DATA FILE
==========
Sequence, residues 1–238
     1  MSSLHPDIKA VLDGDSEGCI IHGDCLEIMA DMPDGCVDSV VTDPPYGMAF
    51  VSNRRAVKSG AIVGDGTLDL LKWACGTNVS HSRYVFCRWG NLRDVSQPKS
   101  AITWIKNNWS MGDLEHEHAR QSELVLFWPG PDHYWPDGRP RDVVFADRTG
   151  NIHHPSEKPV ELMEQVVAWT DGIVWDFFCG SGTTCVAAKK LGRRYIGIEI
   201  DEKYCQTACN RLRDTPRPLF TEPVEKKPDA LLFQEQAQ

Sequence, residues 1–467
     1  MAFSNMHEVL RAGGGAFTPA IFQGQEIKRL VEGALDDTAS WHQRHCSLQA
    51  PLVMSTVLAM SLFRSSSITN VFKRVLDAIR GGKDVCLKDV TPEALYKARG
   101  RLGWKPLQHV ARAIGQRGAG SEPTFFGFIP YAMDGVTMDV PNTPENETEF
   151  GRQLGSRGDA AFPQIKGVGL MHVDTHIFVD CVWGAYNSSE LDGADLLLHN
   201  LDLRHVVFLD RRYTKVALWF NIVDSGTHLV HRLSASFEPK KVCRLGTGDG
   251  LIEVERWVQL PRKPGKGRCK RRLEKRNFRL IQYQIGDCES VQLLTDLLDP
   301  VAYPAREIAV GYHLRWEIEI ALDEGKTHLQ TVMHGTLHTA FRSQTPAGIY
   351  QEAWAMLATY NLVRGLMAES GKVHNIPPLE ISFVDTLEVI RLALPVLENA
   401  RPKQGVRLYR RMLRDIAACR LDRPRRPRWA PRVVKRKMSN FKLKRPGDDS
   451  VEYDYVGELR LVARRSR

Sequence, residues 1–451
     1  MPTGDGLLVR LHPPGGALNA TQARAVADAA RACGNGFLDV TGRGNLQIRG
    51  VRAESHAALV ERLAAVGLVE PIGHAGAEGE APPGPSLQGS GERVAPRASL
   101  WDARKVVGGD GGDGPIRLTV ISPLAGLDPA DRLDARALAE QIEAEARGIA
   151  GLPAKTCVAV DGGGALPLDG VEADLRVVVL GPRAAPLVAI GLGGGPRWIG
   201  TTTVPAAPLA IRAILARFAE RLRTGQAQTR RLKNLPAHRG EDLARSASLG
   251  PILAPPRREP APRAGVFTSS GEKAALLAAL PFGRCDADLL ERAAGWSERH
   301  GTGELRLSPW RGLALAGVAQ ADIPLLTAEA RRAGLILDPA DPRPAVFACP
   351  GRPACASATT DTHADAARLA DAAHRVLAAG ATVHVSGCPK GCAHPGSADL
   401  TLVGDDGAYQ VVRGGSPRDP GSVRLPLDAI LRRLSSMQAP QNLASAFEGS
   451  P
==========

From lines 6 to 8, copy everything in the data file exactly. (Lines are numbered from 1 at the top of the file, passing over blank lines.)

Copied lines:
   201  DEKYCQTACN RLRDTPRPLF TEPVEKKPDA LLFQEQAQ

Sequence, residues 1–467
     1  MAFSNMHEVL RAGGGAFTPA IFQGQEIKRL VEGALDDTAS WHQRHCSLQA